Barry Black

Sighting (and Citing) Chaplains

Exploring the growing role and significance of chaplaincy in American society

By Cynthia G. Lindner|February 20, 2020

Amid the fractiousness of last month’s impeachment trial, news sources on both sides of the Atlantic found something to admire in a surprising place: the daily prayers of the Senate’s chaplain. 
Rev. Barry Black has been the Senate chaplain since 2003. He is the first African American to hold the position and the first Seventh-day Adventist. Before assuming the Senate post he has held for twenty years, Black was the chief of Navy chaplains; he has doctoral degrees in ministry and in psychology. 
During the last week of January, an article in The Nation dubbed Black “the stealth star of the impeachment proceedings,” noting the chaplain’s daily witness to civility, and his increasingly urgent appeals for Congress to engage their “cognitive capabilities and moral discernment for (God’s) glory.” The chaplain gave voice to the exasperation of a nation when he concluded his invocation on the morning of January 30 with these words: “Grant that they will comprehend what really matters, separating the relevant from the irrelevant.”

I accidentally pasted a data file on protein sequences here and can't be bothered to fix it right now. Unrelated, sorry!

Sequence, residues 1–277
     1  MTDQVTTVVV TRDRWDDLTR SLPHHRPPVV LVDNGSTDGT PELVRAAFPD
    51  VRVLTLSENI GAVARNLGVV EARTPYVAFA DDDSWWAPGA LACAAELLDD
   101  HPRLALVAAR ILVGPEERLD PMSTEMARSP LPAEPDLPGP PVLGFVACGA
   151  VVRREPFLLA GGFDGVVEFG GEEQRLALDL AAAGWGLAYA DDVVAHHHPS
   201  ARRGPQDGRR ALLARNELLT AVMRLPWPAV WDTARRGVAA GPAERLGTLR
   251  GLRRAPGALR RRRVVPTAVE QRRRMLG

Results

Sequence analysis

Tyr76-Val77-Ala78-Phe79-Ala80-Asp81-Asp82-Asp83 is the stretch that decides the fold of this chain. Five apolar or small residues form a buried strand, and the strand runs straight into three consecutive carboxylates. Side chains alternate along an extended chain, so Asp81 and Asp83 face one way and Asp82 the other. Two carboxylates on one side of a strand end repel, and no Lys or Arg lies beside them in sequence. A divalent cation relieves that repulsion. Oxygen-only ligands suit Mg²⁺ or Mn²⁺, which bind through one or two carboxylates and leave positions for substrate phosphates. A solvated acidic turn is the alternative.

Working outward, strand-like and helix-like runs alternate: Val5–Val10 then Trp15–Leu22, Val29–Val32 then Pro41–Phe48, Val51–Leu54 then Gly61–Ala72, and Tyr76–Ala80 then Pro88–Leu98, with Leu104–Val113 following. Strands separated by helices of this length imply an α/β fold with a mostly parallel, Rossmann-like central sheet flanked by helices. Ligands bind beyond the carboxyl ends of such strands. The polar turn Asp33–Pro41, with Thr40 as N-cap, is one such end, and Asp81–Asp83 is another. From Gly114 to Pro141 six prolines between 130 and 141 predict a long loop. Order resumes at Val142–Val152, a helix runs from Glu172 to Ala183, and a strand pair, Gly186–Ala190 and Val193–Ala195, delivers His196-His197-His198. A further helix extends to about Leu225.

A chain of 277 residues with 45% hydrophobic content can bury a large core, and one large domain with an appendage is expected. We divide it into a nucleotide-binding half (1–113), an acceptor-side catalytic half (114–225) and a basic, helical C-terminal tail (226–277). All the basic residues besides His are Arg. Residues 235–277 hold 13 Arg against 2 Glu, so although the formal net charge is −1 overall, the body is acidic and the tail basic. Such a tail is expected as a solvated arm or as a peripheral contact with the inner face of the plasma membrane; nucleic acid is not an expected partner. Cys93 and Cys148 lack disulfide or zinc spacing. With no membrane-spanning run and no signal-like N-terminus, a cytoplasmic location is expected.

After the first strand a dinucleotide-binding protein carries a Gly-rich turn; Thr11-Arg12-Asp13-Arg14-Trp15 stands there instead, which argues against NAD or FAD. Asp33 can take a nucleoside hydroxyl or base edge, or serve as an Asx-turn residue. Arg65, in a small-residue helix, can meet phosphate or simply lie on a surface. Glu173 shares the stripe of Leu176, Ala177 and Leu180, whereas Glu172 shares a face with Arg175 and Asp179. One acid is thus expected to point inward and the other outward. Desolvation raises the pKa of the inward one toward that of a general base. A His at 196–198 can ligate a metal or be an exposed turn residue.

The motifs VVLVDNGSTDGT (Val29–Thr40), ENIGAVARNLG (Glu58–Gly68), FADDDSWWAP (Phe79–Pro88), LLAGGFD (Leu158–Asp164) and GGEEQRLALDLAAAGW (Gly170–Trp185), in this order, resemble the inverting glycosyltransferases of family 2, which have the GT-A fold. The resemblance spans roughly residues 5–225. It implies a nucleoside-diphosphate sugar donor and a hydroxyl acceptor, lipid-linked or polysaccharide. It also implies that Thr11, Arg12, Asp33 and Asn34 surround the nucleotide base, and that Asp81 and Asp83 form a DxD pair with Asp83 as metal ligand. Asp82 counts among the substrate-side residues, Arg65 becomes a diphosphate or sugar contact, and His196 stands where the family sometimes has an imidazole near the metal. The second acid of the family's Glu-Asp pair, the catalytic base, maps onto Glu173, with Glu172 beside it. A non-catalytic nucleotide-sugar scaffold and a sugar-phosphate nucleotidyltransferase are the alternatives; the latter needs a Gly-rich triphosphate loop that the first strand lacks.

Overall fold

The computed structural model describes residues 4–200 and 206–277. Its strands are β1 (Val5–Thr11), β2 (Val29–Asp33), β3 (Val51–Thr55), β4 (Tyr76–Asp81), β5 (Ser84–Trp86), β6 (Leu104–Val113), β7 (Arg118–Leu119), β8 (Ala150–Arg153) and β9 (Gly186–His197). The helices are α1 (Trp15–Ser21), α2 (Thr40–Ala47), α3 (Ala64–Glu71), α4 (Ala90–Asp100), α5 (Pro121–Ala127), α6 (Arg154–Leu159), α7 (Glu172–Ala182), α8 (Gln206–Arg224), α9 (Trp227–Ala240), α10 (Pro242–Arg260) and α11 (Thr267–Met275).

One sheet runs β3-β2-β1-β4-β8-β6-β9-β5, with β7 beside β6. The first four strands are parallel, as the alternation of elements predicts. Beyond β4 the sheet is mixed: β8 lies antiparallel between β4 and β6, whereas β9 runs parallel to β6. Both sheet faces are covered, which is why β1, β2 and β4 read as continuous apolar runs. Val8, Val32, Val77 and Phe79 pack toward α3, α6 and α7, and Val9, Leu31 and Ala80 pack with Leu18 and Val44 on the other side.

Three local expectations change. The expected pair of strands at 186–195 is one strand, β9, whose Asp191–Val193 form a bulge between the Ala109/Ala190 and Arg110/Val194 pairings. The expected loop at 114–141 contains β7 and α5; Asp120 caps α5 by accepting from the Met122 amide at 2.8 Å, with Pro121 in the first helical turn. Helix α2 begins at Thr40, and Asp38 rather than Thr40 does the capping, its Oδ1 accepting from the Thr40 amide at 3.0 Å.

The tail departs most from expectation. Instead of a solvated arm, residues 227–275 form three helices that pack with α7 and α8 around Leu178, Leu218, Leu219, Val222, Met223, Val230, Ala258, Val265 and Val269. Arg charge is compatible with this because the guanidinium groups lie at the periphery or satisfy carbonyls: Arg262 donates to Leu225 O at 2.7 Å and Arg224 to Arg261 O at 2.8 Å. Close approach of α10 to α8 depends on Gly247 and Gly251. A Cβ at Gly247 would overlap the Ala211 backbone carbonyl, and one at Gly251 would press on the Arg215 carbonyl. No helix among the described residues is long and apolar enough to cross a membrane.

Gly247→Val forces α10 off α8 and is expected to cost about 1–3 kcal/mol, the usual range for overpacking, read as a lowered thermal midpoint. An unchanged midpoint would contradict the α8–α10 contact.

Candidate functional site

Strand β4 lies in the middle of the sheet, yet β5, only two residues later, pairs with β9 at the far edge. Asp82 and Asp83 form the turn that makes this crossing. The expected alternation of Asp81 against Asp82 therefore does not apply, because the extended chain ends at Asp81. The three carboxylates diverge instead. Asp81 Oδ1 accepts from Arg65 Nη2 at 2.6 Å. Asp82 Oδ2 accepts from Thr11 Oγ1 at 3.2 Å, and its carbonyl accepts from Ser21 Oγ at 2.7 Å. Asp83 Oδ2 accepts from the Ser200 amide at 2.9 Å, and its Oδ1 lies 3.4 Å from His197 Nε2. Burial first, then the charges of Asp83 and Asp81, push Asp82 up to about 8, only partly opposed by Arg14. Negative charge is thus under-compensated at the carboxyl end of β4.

In the same vein, The Guardian’s headline echoed the words of Black’s prayer on January 31, the morning that Congress anticipated their vote on whether or not to call witnesses: “Remind our senators that they alone are accountable to You for their conduct,” he said. “Lord, help them to remember that they can’t ignore You and get away with it. For we always reap what we sow.” Delivered in Black’s resounding baritone and dignified cadence, these prayers seemed to transcend sectarian language and partisan finger-pointing, sounding the depths of the occasion and calling his hearers to engage this rare opportunity for discernment with gravity and humility. As The Nation’s Elie Mystal observed, “Even atheists and non-spiritual people could draw moral strength from Chaplain Black’s impeachment trial performance.”